Does it seem ridiculous to tell 100% of men to not drink to try to stop the 5% of men who will sexually assault woman after woman? Even if those men are causing terrible harm to 20-25% of all women. Would these “Not All Men” be willing to make this sacrifice? Maybe we could narrow down the possible suspects by seeing who wasn’t willing to stop drinking. Well, what if we knew more about those perpetrators?
The profile doesn’t just stop with heavy drinking. Male perpetrators have other characteristics in common such as devaluing women, feeling like women are always leading them on, and they are more likely to believe women secretly like forced sex. These men are more likely to commit sexual assault if they live in an area where it often goes unpunished. Interestingly, female victim don’t have overlap in any area except a higher percentage of sexual assault victims were victims of childhood abuse. Childhood abuse being another crime that is severely ignored, underreported and under-prosecuted. (Studies speculate that a coping method of childhood trauma is often heavy drinking and putting oneself in more risky sexual situations.) But other than that one area, we can’t describe what type of woman will get raped although we can describe what type of man is more likely to rape her.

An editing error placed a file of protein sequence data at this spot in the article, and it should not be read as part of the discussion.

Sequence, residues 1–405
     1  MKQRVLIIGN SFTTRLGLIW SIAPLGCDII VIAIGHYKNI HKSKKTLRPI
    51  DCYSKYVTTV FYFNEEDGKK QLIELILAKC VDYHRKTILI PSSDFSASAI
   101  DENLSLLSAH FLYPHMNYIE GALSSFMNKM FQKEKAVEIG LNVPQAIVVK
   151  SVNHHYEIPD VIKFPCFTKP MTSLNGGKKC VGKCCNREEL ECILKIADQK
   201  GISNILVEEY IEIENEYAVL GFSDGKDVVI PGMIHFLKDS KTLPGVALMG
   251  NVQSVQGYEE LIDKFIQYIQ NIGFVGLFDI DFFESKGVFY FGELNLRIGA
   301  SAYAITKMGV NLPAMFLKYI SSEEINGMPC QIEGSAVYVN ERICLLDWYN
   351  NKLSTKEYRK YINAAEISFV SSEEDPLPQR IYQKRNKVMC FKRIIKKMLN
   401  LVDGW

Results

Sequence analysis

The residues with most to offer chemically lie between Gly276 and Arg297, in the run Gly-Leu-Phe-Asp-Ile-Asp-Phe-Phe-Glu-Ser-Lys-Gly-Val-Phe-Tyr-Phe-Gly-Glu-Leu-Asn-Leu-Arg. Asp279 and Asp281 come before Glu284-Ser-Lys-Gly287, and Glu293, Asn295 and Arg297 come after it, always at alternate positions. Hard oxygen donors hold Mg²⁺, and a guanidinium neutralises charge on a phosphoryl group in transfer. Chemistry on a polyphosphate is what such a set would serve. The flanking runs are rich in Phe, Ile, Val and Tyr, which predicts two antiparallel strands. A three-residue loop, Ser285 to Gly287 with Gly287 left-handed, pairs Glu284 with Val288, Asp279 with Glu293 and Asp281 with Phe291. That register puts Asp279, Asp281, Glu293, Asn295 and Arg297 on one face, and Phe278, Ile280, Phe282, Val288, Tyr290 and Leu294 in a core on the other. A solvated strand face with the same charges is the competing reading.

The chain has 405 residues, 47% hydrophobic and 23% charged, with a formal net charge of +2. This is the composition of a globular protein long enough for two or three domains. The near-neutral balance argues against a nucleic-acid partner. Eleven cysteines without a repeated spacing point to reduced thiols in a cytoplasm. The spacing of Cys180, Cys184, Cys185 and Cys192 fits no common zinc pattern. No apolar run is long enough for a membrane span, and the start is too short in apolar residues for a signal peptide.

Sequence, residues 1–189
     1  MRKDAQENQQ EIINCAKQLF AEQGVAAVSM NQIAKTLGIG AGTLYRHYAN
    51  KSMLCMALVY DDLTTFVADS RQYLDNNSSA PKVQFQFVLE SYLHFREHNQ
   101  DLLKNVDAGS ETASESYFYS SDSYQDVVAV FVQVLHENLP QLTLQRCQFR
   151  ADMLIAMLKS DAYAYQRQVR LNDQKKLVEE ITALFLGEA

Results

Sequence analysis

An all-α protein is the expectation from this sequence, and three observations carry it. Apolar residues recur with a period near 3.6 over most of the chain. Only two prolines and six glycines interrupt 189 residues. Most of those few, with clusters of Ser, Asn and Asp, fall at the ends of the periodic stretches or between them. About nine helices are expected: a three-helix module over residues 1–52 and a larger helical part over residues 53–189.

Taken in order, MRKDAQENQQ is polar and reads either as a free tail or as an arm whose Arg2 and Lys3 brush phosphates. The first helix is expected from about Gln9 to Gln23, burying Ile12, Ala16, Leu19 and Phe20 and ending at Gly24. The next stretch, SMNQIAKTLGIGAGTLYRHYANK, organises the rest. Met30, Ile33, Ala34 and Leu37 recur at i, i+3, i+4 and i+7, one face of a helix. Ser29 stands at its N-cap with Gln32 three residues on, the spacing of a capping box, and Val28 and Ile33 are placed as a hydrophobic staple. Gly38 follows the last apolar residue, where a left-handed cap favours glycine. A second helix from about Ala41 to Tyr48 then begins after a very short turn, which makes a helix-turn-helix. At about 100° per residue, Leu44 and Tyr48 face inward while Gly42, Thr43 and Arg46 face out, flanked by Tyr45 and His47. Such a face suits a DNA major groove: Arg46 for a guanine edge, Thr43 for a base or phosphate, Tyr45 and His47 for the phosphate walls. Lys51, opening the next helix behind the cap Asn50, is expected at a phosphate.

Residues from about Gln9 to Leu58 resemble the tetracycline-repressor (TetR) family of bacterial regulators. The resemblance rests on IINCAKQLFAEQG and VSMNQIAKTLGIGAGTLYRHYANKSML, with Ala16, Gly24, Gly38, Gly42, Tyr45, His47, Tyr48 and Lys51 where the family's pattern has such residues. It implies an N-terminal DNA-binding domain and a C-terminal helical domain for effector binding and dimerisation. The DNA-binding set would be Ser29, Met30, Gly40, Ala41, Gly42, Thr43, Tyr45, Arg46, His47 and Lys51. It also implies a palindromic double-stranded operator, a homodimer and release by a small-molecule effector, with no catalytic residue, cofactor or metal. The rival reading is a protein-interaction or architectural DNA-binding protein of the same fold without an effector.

We can say that the tall, good-looking, straight-A student, who take a few shots, tells everyone that he’s going to get laid and she’s going to love it, and two minutes later hands a fellow college student a drink with a wink to his friends, is probably using alcohol like it’s more media-popular cousin, roofies. Studies have shown that over a third of men report their friends approving of getting a woman drunk to have sex.
“Ah-ha,” people say. “That statistic may make part of this profile of a perpetrator a problem since more men think it’s okay to get a woman drunk for sex than rape women.”
But what if the 65% of men, whose friends don’t approve of getting women drunk for sex, spoke up? The idea it would become less acceptable much like how drunk driving went from something that happened sometimes and “go sleep it off” to a shunned decision both by neighbors and the police with designated drivers being people we salute. I’m not suggesting an actual battalion of thought police but peer pressure works. Perhaps it would become more obvious who was the rapist among friends just as drunk driving often speaks to a more serious drinking problem whether the person is caught or not.
Sexual assault is a complicated crime if only in how underreported and under-prosecuted it is coupled with our disparate attitudes towards men, drinking and sex versus women, drinking and sex. However, prevention clearly begins with isolating the perpetrators of sexual assault through working on attitudes around women, reducing drinking culture, and punish offenders rather than demanding the victims lock themselves alone and sober in their homes and dormitories.
Research (please note that some of the research I included disagreed with others I’ve included — I chose the more scientifically based answer in those cases):